The Associated Press | May 23, 2011 | 02:24 PM EDT
More than 1,000 independent shops selling building materials have opened
up around Cuba, official media said Monday, as the government looks to
the private sector to fight corruption and the black market, eliminate
expensive subsidies and help ease a severe housing crisis.
Communist Party newspaper Granma said Monday that the new shops give
Cubans more access to supplies without having to navigate a Byzantine
"Acquiring these products no longer means immersing oneself in the
tangle of innumerable 'legal' documents that, in many cases, facilitated
corruption and favoritism toward a 'chosen' few who were not always the
most in need," the paper said.
The government has long controlled all construction on the island.
Cement and other building materials were in theory available in
state-run stores at heavily subsidized prices, but demand greatly
outstripped supply in part due to pilfering from state stocks.
Many turned to the thriving black-market trade in those stolen supplies
to get quicker service.
In recent years the government authorized the sale of building materials
in pricier stores that trade in the convertible peso, which is the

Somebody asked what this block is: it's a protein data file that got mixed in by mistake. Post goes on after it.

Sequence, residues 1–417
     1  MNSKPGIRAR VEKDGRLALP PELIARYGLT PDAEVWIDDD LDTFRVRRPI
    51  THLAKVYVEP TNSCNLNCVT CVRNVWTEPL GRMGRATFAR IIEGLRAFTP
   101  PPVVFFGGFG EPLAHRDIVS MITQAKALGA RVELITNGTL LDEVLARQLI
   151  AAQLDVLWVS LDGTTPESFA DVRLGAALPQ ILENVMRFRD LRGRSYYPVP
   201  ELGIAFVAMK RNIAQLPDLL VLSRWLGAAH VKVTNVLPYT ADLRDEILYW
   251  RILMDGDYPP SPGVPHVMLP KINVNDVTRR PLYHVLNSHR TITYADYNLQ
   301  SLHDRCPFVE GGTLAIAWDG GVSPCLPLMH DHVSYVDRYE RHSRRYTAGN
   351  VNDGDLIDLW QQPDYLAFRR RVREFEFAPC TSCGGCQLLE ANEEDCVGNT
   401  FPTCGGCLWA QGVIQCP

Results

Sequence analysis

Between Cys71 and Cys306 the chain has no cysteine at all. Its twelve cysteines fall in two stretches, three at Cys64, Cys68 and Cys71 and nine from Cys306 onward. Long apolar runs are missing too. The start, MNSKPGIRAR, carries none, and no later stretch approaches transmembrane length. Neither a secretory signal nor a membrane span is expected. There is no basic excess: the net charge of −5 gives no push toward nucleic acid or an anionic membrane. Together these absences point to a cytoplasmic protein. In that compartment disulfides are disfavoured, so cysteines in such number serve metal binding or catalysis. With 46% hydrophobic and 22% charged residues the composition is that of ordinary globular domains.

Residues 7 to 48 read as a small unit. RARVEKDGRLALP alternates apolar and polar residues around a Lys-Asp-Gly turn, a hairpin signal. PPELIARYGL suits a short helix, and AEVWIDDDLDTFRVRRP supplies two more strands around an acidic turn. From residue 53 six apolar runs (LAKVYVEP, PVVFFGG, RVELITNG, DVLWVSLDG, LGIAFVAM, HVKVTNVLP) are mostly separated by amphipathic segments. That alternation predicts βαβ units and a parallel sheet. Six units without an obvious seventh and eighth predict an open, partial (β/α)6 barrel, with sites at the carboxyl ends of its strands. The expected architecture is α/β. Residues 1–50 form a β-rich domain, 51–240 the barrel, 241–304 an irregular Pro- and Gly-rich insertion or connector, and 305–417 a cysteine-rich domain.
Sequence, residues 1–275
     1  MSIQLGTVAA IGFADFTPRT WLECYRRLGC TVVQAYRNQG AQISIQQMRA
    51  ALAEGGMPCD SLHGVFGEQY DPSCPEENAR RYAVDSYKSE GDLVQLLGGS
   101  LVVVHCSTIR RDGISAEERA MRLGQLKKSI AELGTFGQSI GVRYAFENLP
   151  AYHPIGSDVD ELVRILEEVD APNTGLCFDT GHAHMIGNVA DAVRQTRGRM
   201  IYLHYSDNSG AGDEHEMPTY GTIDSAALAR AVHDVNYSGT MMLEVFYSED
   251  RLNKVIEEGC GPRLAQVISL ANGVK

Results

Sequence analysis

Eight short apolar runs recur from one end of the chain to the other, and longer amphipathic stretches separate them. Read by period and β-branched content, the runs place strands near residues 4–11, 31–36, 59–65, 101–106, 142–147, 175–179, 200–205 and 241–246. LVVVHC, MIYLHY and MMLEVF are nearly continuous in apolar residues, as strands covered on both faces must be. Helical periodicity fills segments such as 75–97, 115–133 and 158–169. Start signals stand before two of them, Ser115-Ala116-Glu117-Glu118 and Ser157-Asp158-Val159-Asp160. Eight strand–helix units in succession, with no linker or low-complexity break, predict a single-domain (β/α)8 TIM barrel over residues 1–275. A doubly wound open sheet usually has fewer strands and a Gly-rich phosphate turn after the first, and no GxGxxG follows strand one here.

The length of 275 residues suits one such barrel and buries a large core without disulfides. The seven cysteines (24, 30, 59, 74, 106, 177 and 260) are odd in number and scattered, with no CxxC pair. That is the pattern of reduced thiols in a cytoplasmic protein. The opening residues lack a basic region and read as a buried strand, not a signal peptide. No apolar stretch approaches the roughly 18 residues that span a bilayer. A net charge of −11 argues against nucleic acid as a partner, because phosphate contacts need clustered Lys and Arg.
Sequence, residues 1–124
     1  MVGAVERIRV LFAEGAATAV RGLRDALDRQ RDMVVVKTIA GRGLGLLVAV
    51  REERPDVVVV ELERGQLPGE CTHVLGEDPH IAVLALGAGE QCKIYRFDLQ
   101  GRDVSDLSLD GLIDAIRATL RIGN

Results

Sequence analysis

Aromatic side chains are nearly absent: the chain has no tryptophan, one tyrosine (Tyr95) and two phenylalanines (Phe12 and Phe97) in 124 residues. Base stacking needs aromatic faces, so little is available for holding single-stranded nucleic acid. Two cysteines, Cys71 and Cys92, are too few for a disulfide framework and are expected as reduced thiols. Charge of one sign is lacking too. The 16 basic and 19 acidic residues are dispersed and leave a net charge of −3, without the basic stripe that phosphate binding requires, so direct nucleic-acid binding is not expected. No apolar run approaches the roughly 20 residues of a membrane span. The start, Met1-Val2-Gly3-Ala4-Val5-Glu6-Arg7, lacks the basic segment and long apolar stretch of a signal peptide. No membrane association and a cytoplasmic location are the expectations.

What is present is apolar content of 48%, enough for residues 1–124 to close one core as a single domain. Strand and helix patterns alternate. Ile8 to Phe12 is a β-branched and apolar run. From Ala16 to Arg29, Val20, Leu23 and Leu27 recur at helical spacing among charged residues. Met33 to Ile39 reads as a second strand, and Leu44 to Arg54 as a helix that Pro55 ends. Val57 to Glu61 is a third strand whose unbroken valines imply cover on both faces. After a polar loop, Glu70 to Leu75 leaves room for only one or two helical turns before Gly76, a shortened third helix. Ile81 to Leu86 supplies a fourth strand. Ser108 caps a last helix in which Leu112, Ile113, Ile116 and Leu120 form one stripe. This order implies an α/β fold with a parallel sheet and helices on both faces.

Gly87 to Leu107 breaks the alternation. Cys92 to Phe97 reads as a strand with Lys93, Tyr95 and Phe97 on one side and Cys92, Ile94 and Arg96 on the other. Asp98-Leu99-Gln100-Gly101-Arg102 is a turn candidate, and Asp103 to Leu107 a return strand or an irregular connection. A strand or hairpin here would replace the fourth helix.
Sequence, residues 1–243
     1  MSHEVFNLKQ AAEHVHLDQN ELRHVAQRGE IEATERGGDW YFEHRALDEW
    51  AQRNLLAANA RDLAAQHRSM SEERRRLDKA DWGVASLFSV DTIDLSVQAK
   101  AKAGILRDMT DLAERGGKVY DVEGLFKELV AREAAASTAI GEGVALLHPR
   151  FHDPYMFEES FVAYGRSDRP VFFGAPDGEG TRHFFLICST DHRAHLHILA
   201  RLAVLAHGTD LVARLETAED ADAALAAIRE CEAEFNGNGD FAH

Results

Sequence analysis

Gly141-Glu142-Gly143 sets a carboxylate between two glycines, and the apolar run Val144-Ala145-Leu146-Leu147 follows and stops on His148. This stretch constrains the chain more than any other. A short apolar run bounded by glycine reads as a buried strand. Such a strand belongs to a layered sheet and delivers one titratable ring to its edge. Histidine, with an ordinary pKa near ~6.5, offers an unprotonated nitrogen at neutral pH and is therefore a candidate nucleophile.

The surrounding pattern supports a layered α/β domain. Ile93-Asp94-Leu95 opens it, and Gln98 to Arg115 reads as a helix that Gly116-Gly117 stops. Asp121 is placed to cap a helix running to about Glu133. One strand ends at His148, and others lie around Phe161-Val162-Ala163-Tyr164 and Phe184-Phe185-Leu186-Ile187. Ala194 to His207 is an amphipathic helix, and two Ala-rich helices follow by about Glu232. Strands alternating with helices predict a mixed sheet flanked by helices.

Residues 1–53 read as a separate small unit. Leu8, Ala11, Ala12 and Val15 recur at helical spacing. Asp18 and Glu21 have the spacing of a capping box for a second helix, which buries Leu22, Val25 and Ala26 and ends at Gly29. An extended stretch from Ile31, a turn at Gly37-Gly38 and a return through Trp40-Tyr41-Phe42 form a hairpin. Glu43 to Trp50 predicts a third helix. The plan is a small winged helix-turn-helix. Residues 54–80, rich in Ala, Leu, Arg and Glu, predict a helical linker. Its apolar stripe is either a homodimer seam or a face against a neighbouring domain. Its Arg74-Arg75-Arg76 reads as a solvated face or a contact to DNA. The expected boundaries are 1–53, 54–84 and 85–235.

equivalent of $1. But those prices are out of reach of many Cubans who
receive state wages averaging about $20.
The new stores trade in the noncovertible peso that the government uses
for most salaries. Although the prices are higher than before, they are
cheaper than in the convertible-currency stores and much of the
bureaucracy been eliminated.
Rules governing the stores were created in January as part of a sweeping
economic package of free-market changes that the government is counting
on to stimulate a moribund economy. The government says newly
independent workers will be able to manufacture and sell building
materials wholesale, but details are still forthcoming.
Granma also said Monday that bank credit will be offered for the
purchase of building materials, but it did not give details.
The government has acknowledged that a lack of housing is one of the
country's biggest challenges. The shortage reached some 500,000 homes as
of the middle of the past decade, according to official estimates.
The National Statistics Office said this month that 33,000 homes were
built in 2010, compared with 35,000 in the previous year — both of which
fell far short of the 110,000 constructed in 2006, when then-President
Fidel Castro launched a campaign to address the problem.
For decades there have also been restrictions on the buying and selling
of private property, meaning many Cubans have no choice but to continue
living with their parents and other relatives even as they start
families of their own.
Recommendations approved by a Communist Party summit last month would
relax those restrictions, but they have not yet been enacted into law.
Authorities recently announced they are studying a new progressive tax
code, but without giving details.
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